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New Mexico drivers report law enforcement ordered forced anal probes after minor traffic stops
Saturday, November 9, 2013 - 12:37am
El Paso, TX (KDBC) — In less than 2 weeks, a third person has accused law enforcement officials of conducting illegal and invasive anal probes after being pulled over by officers.
Timothy Young says he was pulled over by Deming, New Mexico Police for failing to use his blinker.
He says a K-9 then alerted police that Young had drugs on him. Police thought he was hiding those drugs in his rectum but after they forced him to undergo an anal probe and an x-ray scan, nothing was found.
Another Deming man says the same thing happened to him.
In El Paso, a New Mexico woman claims she was returning from a visit to Juarez last December when she was subjected to anal exams, enemas, and colonoscopies, after a drug dog alerted U.S. Customs and Border Protection officers that she had drugs on her.
The procedures were done without the woman's consent and no drugs were found. She is now filing a complaint with the American Civil Liberties Union in New Mexico.
Legal experts say these are examples of law enforcement going too far.
Shannon Kennedy, an Albuquerque attorney representing the two New Mexico men, says forced physical exams are not only humiliating and intrusive, they're illegal and unconstitutional.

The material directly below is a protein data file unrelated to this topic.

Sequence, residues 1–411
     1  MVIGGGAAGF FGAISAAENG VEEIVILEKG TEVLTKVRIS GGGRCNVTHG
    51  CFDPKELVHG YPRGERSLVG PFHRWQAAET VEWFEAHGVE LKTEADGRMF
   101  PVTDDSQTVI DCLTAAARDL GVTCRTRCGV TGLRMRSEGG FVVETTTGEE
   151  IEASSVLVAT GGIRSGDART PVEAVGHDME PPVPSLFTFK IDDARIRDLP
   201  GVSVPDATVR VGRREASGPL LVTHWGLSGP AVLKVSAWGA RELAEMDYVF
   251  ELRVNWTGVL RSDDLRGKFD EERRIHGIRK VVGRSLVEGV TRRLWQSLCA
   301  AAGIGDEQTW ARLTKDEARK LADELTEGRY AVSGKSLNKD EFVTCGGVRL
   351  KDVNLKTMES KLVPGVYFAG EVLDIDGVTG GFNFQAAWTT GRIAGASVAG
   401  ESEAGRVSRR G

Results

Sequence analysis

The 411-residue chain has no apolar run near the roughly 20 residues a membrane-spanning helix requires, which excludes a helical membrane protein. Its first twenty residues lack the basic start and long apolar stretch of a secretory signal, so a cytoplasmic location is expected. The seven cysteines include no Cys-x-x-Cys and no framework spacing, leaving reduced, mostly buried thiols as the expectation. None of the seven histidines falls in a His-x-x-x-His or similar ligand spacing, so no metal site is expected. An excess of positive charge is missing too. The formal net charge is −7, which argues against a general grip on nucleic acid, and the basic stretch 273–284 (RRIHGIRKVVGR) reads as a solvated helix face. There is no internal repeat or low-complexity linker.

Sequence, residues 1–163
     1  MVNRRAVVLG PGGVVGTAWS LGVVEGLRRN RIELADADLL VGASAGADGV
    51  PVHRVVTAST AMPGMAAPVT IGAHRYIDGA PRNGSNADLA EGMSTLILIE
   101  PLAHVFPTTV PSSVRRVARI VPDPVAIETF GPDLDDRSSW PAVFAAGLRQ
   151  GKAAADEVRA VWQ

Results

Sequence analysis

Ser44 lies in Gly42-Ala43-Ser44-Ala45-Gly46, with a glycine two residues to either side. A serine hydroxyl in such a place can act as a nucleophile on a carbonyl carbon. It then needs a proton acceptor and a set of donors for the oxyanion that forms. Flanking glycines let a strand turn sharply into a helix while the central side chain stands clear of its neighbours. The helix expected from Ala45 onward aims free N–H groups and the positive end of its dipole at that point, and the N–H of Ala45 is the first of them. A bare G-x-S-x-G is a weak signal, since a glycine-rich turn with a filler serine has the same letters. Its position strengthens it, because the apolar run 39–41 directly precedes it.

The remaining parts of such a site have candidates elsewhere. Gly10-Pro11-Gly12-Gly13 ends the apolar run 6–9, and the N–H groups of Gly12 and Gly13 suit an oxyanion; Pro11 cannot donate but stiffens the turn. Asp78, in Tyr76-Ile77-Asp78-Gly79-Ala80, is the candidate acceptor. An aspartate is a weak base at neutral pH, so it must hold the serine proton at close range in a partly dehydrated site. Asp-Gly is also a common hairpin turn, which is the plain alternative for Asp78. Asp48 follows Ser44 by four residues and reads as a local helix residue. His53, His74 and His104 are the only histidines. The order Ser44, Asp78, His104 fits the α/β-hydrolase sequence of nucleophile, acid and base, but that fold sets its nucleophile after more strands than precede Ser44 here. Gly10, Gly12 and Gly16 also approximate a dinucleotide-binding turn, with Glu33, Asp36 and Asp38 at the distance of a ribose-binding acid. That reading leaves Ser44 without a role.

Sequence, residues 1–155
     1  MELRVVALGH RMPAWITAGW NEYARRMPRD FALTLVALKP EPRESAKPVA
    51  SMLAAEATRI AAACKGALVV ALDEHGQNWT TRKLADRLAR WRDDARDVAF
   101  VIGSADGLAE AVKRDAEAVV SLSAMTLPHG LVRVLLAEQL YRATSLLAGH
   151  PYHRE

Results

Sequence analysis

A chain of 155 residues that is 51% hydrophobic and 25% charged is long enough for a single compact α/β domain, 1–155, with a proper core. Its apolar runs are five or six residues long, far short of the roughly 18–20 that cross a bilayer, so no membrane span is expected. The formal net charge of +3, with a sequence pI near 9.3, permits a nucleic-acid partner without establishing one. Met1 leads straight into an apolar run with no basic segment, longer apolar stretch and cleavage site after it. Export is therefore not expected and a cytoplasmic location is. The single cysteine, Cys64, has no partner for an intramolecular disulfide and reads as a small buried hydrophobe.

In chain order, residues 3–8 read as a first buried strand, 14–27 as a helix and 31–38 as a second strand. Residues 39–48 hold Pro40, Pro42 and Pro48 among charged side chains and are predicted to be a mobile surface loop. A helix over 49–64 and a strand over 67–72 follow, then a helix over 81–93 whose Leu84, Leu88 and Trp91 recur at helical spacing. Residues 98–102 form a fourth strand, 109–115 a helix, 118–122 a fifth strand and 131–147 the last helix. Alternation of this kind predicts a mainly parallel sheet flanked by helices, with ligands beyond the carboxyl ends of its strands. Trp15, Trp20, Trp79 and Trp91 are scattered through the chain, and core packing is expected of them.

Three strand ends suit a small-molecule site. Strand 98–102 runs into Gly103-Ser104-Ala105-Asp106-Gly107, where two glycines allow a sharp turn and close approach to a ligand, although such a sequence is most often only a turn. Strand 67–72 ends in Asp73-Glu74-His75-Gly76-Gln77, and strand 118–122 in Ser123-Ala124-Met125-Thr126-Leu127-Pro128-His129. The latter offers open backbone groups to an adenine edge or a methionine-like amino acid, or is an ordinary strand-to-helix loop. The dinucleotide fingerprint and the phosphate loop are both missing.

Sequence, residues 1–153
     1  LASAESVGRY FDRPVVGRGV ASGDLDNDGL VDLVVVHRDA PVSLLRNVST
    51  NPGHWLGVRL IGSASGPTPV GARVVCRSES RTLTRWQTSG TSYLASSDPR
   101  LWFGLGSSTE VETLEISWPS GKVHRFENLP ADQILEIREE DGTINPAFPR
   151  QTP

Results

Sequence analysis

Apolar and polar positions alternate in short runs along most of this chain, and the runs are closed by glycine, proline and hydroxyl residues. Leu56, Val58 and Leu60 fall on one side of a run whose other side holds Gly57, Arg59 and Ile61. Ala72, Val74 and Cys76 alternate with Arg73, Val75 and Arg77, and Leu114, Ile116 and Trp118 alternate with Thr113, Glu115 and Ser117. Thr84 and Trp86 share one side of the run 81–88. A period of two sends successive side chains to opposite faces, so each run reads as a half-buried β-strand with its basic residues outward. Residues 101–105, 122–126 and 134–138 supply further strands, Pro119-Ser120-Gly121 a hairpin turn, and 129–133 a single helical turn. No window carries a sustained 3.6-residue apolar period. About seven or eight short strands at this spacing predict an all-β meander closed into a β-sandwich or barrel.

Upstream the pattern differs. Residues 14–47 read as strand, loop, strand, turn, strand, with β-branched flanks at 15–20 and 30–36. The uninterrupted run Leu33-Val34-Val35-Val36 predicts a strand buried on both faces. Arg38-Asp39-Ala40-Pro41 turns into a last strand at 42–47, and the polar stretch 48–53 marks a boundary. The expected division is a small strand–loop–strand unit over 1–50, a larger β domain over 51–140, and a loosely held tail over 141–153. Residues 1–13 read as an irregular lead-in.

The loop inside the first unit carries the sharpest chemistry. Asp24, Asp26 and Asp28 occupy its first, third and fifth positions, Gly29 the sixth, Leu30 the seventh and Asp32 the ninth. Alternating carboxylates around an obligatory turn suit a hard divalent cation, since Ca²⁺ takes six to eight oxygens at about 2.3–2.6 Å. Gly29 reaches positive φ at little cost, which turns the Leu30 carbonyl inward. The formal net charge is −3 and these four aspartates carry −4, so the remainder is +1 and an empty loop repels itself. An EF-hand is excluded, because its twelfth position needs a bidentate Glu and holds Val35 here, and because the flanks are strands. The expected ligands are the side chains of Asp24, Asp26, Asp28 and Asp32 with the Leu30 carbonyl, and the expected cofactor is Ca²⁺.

"It violates both the 4th and 14th Amendments of the United States Constitution," said Kennedy.
"Simply because somebody suspects, a law enforcement officer suspects, that you may be carrying contraband, may have packaged drugs, really shouldn't give them the right to engage in procedures that under any other circumstance would be considered sexual assault," said Laura Schaur Ives, a legal expert with the American Civil Liberties Union in New Mexico.
Kennedy also says police can't keep a person in custody, at a hospital in this case, for long periods of time if they don't have enough proof that the person is committing a crime.
"The furthest that law enforcement goes typically is an X-ray," she said.
Kennedy says drug-sniffing dogs are often unreliable.
She says her clients were stopped by the same two police officers and sniffed by the same dog, who Kennedy says isn't even certified.
What's worse, argues Kennedy, is law enforcement can lie about whether their dog has even sniffed drugs on someone or not.
"These abuses definitely are taking place in a context of a police department that's out of control," she said.
According to the New Mexico Law Enforcement Academy Board, a person who feels violated by a police officer can file a complaint for officer misconduct and an investigation would then begin.
The accused officer would then have two weeks to respond to the Board and explain his or her actions.